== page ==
In 2017, Google announced a modified version of Android for low-end devices. “Android Go Edition” was built specifically for devices with 1GB or less of RAM. In conjunction, Google has released lightweight “Go Edition” versions of many of its popular services. Android Go has never been a requirement for these low-end devices, though. That could change soon, however.
According to a leaked copy of Google’s “Android 11 Go edition Device Configuration Guide” (dated April 24, 2020), Google plans to make Android Go Edition a requirement for newly launched devices with 2GB of RAM or less. Here are the new requirements that will be put in place:
What that all means is that starting later this year in Q4 2020, any new Android 10 device that launches with 2GB or less of RAM must use Android Go Edition. Furthermore, any device launching with Android 11 that has 2GB or less of RAM must also use Android Go. Basically, there’s still some time for low RAM Android 10 devices to slide under the requirement, but new, low RAM Android 11 devices won’t get that chance.
As mentioned, Android Go was originally intended for devices with less than 1GB of RAM, but it wasn’t required for OEMs to implement. The introduction of Android Go devices with 2GB of RAM is actually somewhat new as well. It appears the change happened late last year, with Google updating its website to reflect this change. The inclusion of 2GB RAM devices brings the 64-bit kernel/userspace into the Go Edtion ecosystem.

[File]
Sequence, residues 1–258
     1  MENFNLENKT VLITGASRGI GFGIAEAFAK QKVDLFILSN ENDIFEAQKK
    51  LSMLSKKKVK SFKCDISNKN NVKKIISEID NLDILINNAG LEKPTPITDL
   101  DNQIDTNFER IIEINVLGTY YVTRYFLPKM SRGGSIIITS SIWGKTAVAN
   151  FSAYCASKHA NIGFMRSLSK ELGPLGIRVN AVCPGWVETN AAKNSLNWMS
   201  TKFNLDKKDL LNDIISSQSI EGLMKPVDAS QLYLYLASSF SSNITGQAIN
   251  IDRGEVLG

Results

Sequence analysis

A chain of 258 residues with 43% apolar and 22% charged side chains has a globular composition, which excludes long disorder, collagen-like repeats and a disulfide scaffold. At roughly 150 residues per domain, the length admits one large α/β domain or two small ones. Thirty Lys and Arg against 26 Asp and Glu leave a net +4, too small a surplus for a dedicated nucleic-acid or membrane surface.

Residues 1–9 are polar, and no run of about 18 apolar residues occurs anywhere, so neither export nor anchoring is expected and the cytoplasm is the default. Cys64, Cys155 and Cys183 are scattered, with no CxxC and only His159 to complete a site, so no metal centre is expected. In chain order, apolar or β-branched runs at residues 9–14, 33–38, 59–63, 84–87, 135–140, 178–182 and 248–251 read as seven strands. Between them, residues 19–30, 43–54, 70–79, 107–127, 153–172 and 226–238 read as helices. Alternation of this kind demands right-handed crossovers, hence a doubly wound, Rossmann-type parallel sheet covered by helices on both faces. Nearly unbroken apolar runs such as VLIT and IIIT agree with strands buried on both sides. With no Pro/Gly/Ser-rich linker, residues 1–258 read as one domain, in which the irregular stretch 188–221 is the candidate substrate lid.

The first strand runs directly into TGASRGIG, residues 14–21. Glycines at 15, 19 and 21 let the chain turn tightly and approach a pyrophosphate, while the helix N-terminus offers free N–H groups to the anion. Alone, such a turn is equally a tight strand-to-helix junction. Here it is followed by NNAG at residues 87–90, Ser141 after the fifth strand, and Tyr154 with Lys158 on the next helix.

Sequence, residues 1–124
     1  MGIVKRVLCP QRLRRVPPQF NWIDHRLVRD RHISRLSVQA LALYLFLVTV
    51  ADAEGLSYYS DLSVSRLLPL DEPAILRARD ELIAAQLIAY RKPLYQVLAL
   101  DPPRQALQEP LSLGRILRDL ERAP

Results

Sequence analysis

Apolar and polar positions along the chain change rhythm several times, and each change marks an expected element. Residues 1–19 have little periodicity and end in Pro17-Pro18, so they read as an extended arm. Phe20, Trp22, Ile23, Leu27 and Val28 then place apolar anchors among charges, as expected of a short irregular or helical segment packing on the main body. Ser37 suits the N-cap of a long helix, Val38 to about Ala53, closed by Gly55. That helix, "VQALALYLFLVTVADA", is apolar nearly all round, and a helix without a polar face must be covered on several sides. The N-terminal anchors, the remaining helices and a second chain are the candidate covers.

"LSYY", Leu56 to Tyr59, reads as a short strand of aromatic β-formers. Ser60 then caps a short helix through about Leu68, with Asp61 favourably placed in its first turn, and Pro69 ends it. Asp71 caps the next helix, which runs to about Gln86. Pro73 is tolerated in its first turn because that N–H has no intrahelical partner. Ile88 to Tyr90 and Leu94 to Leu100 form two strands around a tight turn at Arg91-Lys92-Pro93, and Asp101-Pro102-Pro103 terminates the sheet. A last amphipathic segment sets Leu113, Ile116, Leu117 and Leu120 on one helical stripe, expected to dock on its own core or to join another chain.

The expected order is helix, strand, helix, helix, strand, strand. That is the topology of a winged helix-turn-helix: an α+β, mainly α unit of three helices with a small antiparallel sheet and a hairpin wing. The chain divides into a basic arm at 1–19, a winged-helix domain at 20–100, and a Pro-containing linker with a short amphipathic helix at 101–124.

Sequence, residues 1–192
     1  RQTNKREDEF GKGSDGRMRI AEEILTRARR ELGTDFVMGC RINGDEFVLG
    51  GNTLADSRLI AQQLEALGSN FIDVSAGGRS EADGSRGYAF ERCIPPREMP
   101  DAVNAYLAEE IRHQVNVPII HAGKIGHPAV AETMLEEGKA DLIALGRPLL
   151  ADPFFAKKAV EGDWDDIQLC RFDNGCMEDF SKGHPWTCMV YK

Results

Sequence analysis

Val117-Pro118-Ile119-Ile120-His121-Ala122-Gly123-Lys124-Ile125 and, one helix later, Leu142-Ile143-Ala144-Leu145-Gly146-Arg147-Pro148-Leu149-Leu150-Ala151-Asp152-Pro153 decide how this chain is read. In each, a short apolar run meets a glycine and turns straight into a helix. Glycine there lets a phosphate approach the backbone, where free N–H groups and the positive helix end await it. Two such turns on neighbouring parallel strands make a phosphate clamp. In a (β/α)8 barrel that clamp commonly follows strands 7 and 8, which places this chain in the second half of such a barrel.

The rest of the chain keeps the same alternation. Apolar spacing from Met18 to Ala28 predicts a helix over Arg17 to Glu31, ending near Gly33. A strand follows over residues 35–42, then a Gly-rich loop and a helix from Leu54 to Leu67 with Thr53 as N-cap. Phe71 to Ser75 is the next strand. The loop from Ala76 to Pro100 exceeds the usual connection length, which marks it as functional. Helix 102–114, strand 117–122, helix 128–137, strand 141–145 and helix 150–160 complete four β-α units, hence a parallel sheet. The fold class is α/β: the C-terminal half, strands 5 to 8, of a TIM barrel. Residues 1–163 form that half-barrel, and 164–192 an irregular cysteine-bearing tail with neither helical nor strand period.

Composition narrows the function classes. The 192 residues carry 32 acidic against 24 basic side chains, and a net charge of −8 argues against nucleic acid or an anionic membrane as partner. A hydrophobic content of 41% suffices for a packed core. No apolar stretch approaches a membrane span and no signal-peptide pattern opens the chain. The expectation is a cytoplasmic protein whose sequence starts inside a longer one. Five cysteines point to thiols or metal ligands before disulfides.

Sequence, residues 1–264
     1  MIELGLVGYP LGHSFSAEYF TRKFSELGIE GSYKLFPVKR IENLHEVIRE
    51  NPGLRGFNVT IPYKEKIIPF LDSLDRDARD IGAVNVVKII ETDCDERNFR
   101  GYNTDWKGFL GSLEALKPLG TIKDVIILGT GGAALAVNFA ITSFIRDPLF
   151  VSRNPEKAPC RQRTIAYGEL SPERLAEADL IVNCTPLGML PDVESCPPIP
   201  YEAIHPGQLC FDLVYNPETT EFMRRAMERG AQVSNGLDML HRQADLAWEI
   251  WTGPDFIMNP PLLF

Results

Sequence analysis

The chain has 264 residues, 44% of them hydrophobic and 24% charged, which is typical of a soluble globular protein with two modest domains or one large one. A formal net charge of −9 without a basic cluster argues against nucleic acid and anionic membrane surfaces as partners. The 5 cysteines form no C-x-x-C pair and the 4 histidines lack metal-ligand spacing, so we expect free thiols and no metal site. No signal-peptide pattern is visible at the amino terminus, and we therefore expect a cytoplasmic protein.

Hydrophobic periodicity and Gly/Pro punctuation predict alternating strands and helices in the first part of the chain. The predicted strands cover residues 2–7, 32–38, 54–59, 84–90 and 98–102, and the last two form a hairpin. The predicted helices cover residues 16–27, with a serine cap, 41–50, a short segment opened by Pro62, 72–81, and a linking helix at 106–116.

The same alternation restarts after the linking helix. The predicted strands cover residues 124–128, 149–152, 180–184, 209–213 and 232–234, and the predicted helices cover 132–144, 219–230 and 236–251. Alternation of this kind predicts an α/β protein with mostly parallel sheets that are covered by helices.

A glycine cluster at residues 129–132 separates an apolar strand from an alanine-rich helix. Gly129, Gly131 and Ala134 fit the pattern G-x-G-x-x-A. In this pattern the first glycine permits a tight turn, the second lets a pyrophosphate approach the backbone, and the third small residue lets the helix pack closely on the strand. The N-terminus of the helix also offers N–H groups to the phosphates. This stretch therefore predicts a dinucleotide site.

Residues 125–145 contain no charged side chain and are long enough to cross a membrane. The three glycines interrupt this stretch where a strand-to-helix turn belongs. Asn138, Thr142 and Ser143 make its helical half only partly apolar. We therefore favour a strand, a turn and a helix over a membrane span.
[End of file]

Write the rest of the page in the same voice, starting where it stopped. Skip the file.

These upcoming requirements should make a pretty big change in how low-end Android devices are perceived. Dropping Android 11 GMS (Google Mobile Services) support for the ultra-low end 512MB devices means we won’t see any of them in the future. And Android Go being installed on 1GB and 2GB devices means better performance overall. Devices in this range can be very popular, which makes it important for the Android experience to be as good as possible.
We heard from a source last week about this upcoming change and this document corroborates what we previously heard. However, it’s possible that the information from our source and this document are outdated and Google may have retracted this requirement. We’ll keep an eye out for any public announcements from Google as well as any updates to internal documents to see if we can find out more information.
Thanks to Tillie Kottmann (@deletescape) for finding the document with this information!